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Tuesday, August 12, 2014

Driver in fatal Nashua crash argues blood tests violated his rights against unreasonable search and seizure

NASHUA – County prosecutors will fight a Massachusetts man’s attempts to have evidence thrown out of court that he had a blood-alcohol concentration nearly four times the legal limit to drive.

James Bazinet’s attorneys, public defenders Stephen Rosecan and Michael Davidow, have asked a judge to throw out the results of blood tests and argue that the law requiring drivers involved in crashes that cause death or serious injury be tested for alcohol or drugs violates defendants’ state and federal constitutional rights against unreasonable search and seizure. They also argued that hospital employees violated Bazinet’s HIPPA rights by turning over other lab tests to police, according to court documents. ...

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NASHUA – County prosecutors will fight a Massachusetts man’s attempts to have evidence thrown out of court that he had a blood-alcohol concentration nearly four times the legal limit to drive.

James Bazinet’s attorneys, public defenders Stephen Rosecan and Michael Davidow, have asked a judge to throw out the results of blood tests and argue that the law requiring drivers involved in crashes that cause death or serious injury be tested for alcohol or drugs violates defendants’ state and federal constitutional rights against unreasonable search and seizure. They also argued that hospital employees violated Bazinet’s HIPPA rights by turning over other lab tests to police, according to court documents.

Assistant Hillsborough County Attorney David Tencza said in a motion this month that the rules about legal searches, and HIPPA privacy rules, allow for exceptions that police relied on to test Bazinet’s blood.

Bazinet, 49, of 98 Penn Ave., Worcester, Mass., is scheduled to stand trial at Hillsborough County Superior Court on a charge of negligent homicide in December, more than two years after he crashed his car into a tree on Searles Road in Nashua, killing his passenger and fiance, Sheryl Laitinen, 55, according to court records.

Tencza’s motion states that lab tests showed Bazinet’s BAC was .29, approaching four times the .08 limit allowed for drivers.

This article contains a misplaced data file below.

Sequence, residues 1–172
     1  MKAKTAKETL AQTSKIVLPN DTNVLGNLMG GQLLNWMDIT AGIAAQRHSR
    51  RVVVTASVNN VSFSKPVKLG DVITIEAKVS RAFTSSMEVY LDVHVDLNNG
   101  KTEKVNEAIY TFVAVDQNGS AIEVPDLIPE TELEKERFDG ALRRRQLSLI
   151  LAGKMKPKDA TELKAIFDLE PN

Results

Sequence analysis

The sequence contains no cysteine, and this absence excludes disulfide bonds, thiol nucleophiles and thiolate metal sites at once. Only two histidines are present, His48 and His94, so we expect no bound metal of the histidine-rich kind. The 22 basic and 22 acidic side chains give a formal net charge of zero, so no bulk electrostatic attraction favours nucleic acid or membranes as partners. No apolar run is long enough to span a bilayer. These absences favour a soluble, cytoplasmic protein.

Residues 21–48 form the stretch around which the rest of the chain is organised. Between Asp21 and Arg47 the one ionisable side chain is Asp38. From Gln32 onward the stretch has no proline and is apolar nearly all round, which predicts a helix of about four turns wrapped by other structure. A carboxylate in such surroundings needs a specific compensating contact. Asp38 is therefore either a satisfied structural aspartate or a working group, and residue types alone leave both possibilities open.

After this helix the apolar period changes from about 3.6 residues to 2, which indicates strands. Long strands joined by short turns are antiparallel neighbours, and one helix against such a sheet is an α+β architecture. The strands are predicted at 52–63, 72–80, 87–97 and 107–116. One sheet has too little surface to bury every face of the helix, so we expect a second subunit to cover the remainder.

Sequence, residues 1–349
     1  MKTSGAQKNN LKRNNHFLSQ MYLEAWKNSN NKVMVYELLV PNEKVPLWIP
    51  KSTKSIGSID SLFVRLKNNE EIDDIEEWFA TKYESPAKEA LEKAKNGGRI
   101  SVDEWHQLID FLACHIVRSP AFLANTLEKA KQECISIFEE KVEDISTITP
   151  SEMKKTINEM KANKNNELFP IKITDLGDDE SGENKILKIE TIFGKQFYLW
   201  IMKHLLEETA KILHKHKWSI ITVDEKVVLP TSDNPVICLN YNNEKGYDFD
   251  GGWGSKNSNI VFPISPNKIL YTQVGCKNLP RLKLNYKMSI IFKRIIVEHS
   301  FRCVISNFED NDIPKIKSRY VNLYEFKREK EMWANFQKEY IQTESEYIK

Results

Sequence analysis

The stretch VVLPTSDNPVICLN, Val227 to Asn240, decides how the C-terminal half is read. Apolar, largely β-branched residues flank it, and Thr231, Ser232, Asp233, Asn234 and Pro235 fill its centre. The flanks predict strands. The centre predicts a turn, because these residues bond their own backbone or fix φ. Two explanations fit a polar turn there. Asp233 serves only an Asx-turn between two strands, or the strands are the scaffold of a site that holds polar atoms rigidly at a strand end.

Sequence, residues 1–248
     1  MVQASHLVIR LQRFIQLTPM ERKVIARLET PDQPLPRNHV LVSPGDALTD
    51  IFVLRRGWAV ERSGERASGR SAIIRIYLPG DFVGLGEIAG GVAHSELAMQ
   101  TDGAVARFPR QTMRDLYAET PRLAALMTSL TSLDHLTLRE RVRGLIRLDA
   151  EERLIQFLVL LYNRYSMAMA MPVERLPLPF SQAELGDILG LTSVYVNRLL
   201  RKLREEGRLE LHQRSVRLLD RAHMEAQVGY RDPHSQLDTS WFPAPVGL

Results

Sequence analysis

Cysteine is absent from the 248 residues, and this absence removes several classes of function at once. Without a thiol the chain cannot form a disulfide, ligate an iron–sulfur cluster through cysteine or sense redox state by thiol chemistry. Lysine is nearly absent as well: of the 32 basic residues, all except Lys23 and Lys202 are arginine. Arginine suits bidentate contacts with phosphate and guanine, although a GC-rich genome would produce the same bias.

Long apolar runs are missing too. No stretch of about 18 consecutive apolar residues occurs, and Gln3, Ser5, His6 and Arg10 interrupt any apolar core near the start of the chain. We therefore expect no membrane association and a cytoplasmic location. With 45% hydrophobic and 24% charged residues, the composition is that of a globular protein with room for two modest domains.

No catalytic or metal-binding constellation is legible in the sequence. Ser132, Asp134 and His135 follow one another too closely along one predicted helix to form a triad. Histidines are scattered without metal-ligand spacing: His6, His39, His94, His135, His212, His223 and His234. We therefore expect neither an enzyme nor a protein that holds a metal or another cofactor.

Tencza said the judge should reject Bazinet’s arguments about illegal searches because detectives had probable cause to suspect alcohol was involved in the Dec. 1, 2012 crash after finding a cup of liquor in the car. There were also “exigent circumstances,” meaning police only had a brief window to draw the blood before Bazinet was transferred to a Massachusetts hospital for emergency surgery and therefore had no time to get a warrant, according to court records.

Bazinet’s lawyers said since he was seriously injured himself and was unconscious at the hospital when police told doctors to draw his blood to test it for alcohol, he was unable to give his consent. That constitutes an illegal search, the lawyers argued, and the results of those tests should be barred as evidence, according to their motion.

Bazinet was critically wounded in the crash, which was discovered quickly by firefighters returning to a fire station after clearing another call nearby. He suffered two broken arms, a possible spinal fracture and severe head trauma, according to court documents.

Tencza also argued that medical privacy rules allow for hospital workers to give police test results if they are part of a criminal investigation.

The state Supreme Court has also ruled in previous cases that suspects do not have an expectation of privacy of blood test results when they are the subject of a DWI investigation, according to court documents.

Bazinet was treated at Southern New Hampshire Medical Center, then transferred to Massachusetts General Hospital in Boston, where he was listed in critical condition. Laitinen was transported to St. Joseph Hospital, where she was pronounced dead, police said.

Bazinet is facing up to 15 years in prison, according to court documents.

His trial was scheduled to begin this fall but lawyers have agreed to delay those proceedings to give accident reconstruction experts more time to study the evidence, according to court documents.

Joseph G. Cote can be reached at 594-6415 or jcote@nashua
telegraph.com. Also, follow Cote
on Twitter (@Telegraph_JoeC).